The Orioles yesterday announced a sweeping 19 percent ticket price increase for next season that will push an average ticket above $15, more than twice what the team charged before moving to Camden Yards four years ago.
Virtually every category of seats will be affected, from a $5 standing-room-only ticket that cost $3 this past season to a field box seat that will be $25, up from $20. The team did not raise prices last year.
Orioles officials chalked up the increase to the demands of winning. The team, which had the second-highest payroll in baseball in 1996, came agonizingly close to an American League pennant. It lost the league championship series to the New York Yankees.
"It's just a necessary component of business operations today," said Orioles vice chairman Joe Foss. "No business looks forward to increasing prices and passing it on to the consumers, whether it's the restaurant business or the newspaper business. But that's the reality of business today.
"It's not something we look forward to doing," Foss said.
An average ticket next year, excluding the pricey club seats that require an annual fee, will be $15.63, compared with $13.14 this year. About three-quarters of the tickets are going up $2, but some will increase by as much as $5.
A family of four attending a game will pay $62.52 for tickets next season, up about $10.
The Orioles -- who say they lost more than $5 million in 1996 despite being one of the highest revenue-drawing teams in baseball -- will net about $8 million more through the price increase. The team also recently signed a new local television contract that will bring in an estimated $16 million a year, triple the expiring contract.
The two moves should alleviate the strain of a free-agent spending spree. The Orioles had the second-highest payroll in baseball this year, and have continued to spend in the off-season.
A number of long-term sponsorships were also up for renegotiation this year, boosting the figures further. The team is also demanding concessions on its lease with the state, saying it is owed a rent decrease to remain in line with what the state is charging the Ravens.
But the team faces a luxury tax on its payroll as specified in the new labor contract with players.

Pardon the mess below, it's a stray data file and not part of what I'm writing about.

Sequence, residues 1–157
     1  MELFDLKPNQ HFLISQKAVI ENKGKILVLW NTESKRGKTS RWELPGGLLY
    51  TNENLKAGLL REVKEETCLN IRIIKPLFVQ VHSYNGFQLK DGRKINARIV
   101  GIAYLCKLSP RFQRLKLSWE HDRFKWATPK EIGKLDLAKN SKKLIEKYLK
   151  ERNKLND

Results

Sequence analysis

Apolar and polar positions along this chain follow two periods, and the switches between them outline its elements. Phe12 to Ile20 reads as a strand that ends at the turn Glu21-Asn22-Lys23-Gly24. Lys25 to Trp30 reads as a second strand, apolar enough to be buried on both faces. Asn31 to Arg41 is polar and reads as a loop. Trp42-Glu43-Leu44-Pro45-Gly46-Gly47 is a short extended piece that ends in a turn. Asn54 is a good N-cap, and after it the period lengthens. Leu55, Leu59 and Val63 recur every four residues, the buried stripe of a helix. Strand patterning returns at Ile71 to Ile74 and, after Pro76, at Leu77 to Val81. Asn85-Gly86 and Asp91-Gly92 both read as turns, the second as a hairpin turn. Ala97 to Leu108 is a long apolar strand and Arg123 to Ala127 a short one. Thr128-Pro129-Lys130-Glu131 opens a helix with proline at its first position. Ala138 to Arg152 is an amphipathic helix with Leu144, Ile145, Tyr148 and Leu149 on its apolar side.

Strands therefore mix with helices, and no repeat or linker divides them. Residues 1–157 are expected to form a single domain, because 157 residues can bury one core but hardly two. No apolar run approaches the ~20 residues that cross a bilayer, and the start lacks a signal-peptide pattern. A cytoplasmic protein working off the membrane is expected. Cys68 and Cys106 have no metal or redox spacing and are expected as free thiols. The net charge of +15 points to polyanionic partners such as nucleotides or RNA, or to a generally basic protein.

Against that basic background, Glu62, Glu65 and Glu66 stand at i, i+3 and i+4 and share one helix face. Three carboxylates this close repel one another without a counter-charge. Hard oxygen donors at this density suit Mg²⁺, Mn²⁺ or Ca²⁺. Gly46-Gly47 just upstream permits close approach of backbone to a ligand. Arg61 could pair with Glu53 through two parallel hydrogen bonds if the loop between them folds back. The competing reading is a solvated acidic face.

Foss said the team's investors, including managing partner Peter Angelos, have not received any dividends since Angelos assembled the group and bought the team in 1993.
The ticket price increase is in line with what other baseball teams are doing, said Sean Brenner, editor of Team Marketing Report, a newsletter that tracks sports ticket prices.
"I don't think it's unusual, especially considering the Orioles did not raise prices from 1995 to '96," Brenner said.
Brenner said some small-market teams, like the Montreal Expos and Pittsburgh Pirates, are actually cutting ticket prices. Others, like the Milwaukee Brewers, are raising some seats, but only between $1 to $2.
"Not that the fans aren't paying attention to prices, but, to a certain extent, fans will continue to pay that price for the Orioles, just because it's the hottest ticket in town," Brenner said.
In 1996, the Orioles had the fifth-most-expensive ticket price in baseball. (Major-league averages for next season aren't available.) The Orioles' average ticket sold for $7.59 in the last season at Memorial Stadium (1991), second lowest in baseball.
Financial World magazine, in its annual estimate of sports team finances, ranked the team second only to the Yankees in revenues. But the average Oriole earned $1.7 million last year, more than 50 percent higher than the baseball average.
Foss said the Orioles suffered an operating loss of more than $4 million this season.
Andrew Zimbalist, a professor at Smith College and author of "Baseball and Billions," a book about baseball economics, said teams in new stadiums generally impose the stiffest price increases.
The reason is simple supply and demand: The new homes draw more fans who are willing to pay the price, he said.
"As long as Angelos is selling out Camden Yards, he is going to push the envelope. At some point, the bell will go off, and consumers will say enough is enough," Zimbalist said.
In the meantime, the higher prices will further push baseball out of the reach of many lower- and middle-income fans, further "gentrifying" the sport, he said.
Pub Date: 12/19/96